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Duet Takes On Tile With A Small, Square Lost Item Finder That Also Lets You Replace The Battery

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Early backers of the Bluetooth-powered lost item finder called Tile, backed by $2.7 million in crowdfunding, have been patiently waiting for the device to begin shipping (which it finally is, they say). But in the meantime, a number of similar tags have stepped in to fill the void, including TrackRStickNFind, Lapa, and others. And now here comes one more: the Duet, a small, colorful and square Bluetooth Low Energy tracker, which aims to differentiate itself from competitors by offering an easy to replace battery.

In fact, it also ships with extra batteries, the company notes.

The Duet’s maker is also the creator of the loss prevention device called the PROTAG Elite, which is larger – designed more to be tucked inside a wallet or handbag, for example. The Duet, on the other hand, is the Elite’s keychain dongle counterpart.

Unlike Tile, which will reportedly last for around a year, before needing to be thrown out and replaced, the Duet can be pried open with just a fingernail. Of course, this is a trade-off. Because Tile doesn’t let you replace the battery yourself, it’s a bit thinner (36 mm x 26 mm x 4.2 mm), while Duet is 28 mm x 28 mm x 5 mm). Of course, if you’re just going to dangle the thing off your keys or a bag, this may not matter to you. But for those who care more about the aesthetics of these dongles, it could be a tougher call.

Duet-wallet

Also of note, Duet’s batteries last for around 6 months, the company says, which is less than Tile or StickNFind, for example, but around the same length of time as the StickR TrackR, to give you an idea.

Similar to the TrackR, the Duet isn’t just about helping you find the lost item it’s attached to, it can also be used to help you find your phone. The Duet is supposed to beep when you leave your phone behind, the company says, but in tests, it failed to do so. (The device has a range of around 10 meters – 32 ft. – versus Tile’s 50 to 150 ft. range.)

Getting started with the Duet is easy. You pop off the top with a finger, place the battery inside and close the lid. My Duet came with the attachment ring (for adding it to a keychain) already tied on, which was handy. You can then download the Duet iOS or Android app from the iTunes App Store or Google Play, depending on your smartphone.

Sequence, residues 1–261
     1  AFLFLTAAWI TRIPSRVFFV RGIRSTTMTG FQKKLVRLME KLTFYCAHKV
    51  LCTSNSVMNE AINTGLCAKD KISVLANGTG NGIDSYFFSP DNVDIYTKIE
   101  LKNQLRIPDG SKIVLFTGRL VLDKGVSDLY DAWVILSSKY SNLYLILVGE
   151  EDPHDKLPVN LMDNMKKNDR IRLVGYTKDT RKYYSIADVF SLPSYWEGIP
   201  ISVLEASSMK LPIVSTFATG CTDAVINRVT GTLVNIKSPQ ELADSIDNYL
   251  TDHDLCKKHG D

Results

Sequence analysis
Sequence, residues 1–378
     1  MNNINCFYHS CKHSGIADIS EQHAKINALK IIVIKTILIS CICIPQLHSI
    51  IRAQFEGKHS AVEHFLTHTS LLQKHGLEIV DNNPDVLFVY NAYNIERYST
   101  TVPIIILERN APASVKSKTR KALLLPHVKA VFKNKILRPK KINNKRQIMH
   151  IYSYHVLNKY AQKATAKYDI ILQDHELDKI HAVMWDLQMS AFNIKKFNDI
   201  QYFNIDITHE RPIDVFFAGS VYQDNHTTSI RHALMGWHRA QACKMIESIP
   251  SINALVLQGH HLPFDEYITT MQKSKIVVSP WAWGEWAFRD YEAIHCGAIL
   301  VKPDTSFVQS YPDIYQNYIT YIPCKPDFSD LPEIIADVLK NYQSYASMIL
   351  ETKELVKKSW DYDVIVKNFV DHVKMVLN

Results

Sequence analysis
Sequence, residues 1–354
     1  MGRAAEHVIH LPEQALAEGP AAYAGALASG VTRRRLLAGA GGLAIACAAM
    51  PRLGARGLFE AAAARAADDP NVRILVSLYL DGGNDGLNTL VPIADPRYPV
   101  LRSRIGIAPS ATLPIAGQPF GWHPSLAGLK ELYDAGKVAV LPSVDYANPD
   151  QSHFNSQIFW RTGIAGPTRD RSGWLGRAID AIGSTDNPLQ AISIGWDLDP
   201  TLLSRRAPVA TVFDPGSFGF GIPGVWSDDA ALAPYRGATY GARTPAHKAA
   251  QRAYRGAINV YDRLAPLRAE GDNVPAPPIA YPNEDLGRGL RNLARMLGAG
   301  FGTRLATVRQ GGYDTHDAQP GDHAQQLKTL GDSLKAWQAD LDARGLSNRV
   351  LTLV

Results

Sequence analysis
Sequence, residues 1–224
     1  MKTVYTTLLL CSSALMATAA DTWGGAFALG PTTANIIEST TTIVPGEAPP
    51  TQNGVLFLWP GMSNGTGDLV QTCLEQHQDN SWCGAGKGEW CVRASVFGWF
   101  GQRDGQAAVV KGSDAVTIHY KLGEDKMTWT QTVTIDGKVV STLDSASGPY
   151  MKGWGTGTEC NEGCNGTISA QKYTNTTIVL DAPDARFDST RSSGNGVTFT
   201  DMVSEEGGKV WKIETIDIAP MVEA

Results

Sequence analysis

Duet-laptop

After launching the app, signing up and completing a tutorial, you can configure the app to track up to 10 Duets at once, if you choose, naming and describing each item along the way. The app is fairly straightforward, but is one of the poorer ones I’ve seen in terms of its design – some fonts were small, light and hard to read, setup menus were difficult to scroll through, and the entire thing felt more like a website that had been crammed down to a smartphone’s screen rather than something designed and built for a native mobile experience.

Duet-homeBut overall, the device itself (mostly) worked as described, and at the current price of $19 per Duet (in red, yellow, blue, green or white), it’s competitive with others on the market today, including the $19.95 Tile.

However, the company plans to increase the price to $59 (MSRP) in the future which is…well, crazy.

The Duet is clearly positioning itself as a Tile alternative, not only with its square shape, starting price, and upcoming “crowdtracking” system where other Duet owners can help you find your lost items (shipping in May), but also with its differentiated feature set including its colors and replaceable battery. But the app and the Duet’s functionality still need some improvement to really stand out.

More info on Duet is here.